WASHINGTON -- With John Kerry as their presumptive candidate, the Democrats may have won the war issue.
True, Bush will make the case that his post-9/11 policies are infinitely tougher. And Kerry certainly has given him an opening, saying that the war on terror is ``primarily an intelligence and law enforcement operation.''
This is a hopelessly retrograde invocation of the antiterrorism policies that brought us 9/11 -- finding, arresting, and putting on trial individual miscreants, as we did the World Trade Center bombers of 1993 -- but it does not matter. War is more a visceral than an intellectual issue. Kerry holds the trump card. He's fought in battle. And acted heroically.
Kerry is where he is today not because of his message, or his new-found populism, or his newly relaxed face, but because the same week Howard Dean angrily told a questioner/heckler, ``You've had your say. And now I'm going to have my say,'' John Kerry welcomed onto his stage in Iowa a tearful war buddy for their first reunion since Kerry saved his life 30 years ago in Vietnam.
End of contest.
However much Democrats want to deny it -- and insist on talking about health care and budgets and tax cuts -- this is a war election, our first war election in more than a decade. Ironically, they may win because of it.
For 2 1/2 years it looked as if the political beneficiary of 9/11 was President Bush. But Bush, never a believer in hoarding political capital, spent his post-9/11 and post-Afghanistan popularity on Iraq. The big political beneficiary of 9/11 turns out to be Kerry.
Sept. 11 changed the rules of presidential electoral politics. Or, more accurately, it returned us to an earlier set of rules that prevailed in Cold War days. Every single president elected during the Cold War had served in some capacity in the military.
It is no accident that Bill Clinton, who never served, was the first post-Cold War president. It is no accident that Bob Dole, who ran in the second post-Cold War presidential election, got absolutely no political traction out of his background as genuine war hero. During the end-of-history '90s, military service seemed an irrelevance.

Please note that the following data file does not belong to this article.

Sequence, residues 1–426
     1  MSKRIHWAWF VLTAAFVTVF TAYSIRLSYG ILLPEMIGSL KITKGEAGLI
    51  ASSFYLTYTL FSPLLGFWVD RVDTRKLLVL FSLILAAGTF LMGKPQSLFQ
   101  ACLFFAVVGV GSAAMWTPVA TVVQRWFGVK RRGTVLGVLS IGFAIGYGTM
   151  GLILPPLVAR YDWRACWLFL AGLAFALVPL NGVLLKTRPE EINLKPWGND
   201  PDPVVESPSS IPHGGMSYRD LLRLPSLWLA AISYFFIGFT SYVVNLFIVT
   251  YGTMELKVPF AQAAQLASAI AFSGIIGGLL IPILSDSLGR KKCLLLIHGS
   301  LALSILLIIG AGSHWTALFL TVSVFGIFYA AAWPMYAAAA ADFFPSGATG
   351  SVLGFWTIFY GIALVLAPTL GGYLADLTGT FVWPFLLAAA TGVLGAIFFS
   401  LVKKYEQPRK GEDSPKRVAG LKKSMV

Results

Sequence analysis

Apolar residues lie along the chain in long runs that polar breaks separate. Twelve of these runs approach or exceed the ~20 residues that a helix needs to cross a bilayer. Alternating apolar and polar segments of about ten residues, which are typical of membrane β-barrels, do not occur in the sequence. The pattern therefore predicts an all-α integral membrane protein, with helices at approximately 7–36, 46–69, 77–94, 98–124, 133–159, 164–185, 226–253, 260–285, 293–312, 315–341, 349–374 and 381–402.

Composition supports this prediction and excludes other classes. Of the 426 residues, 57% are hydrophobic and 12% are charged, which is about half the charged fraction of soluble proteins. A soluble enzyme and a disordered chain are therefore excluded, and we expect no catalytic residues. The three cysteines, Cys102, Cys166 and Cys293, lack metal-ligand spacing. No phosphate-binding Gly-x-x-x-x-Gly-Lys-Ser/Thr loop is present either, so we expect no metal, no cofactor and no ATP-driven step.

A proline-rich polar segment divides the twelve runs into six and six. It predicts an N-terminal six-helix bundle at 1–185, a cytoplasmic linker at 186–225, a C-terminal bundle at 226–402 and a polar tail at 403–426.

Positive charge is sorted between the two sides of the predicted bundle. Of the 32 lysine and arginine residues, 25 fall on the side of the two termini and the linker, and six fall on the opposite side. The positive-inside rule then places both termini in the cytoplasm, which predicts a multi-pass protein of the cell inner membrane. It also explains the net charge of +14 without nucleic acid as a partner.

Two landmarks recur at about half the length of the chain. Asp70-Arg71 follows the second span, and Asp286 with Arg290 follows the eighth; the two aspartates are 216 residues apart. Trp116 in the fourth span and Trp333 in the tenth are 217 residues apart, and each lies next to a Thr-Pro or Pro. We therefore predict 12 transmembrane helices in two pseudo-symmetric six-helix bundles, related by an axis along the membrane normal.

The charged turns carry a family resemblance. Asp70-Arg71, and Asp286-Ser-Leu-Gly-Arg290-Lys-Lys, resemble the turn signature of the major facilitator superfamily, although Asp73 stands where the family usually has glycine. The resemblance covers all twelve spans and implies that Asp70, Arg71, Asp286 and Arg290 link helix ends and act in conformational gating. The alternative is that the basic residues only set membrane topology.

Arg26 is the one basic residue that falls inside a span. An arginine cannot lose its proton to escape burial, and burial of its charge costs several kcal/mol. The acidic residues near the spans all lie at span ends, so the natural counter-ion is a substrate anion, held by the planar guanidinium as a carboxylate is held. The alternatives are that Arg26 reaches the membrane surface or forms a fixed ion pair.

Sept. 11 reminded us that the `90s were an anomaly. And upon returning to a world of mortal conflict with people who really want you destroyed, you instinctively want someone not new to the idea of war.
There is far more instinct than logic at play here. After all, the two greatest wartime presidents in American history were Lincoln, who served at most four months in the Illinois militia, and FDR, who served not at all. Moreover, there are a lot of impressive warriors you would not want near the presidency. Douglas MacArthur for one. Wesley Clark for another.
Yet that instinct is common for democracies at war. Take Israel, at war for the entire 55 years of its existence.
Israel has a habit of electing generals and war heroes. In the 1999 election, that habit went over the top: The two contenders for prime minister were ex-commandos who had participated in the same stunning operation -- in 1972, Ehud Barak, Benjamin Netanyahu and 14 colleagues shot their way onto a Sabena airliner hijacked into Tel Aviv, killed two terrorists and freed the passengers. No terrorist ever hijacked a plane into Israel again.
In that 1999 election campaign, Barak's advertising used a photograph of his younger self standing on the wing of the jetliner dressed in the mechanic's clothes with which he and the others had disguised themselves. Netanyahu likes to joke that Barak got the picture, but ``I was the guy who got shot in the arm.''
On the other hand, the biggest loser in the history of Israeli politics -- he lost four races for prime minister -- is Shimon Peres, who was a brilliant aide to David Ben-Gurion and helped create Israel's nuclear deterrent, but never saw combat. And every Israeli knows it.
That doesn't mean that Barak was a better steward of national security than Peres. It only means that electorates put a high value on wartime service for would-be wartime leaders.
The reason is deeply visceral. It is not just that you think a veteran -- or, even better, a hero -- has a better understanding of war, its strategy and its costs. It is that when the bad guys are after you -- say, after they kill 3,000 of your countrymen in one day -- you like the idea of a national leader who has no compunction about killing.
Kerry makes the point with extra emphasis by noting that he hunts. And plays hockey. Post-9/11, that's the kind of guy even Democrats want wearing the sheriff's badge.
Charles Krauthammer is a 1987 Pulitzer Prize winner, 1984 National Magazine Award winner, and a columnist for The Washington Post since 1985.
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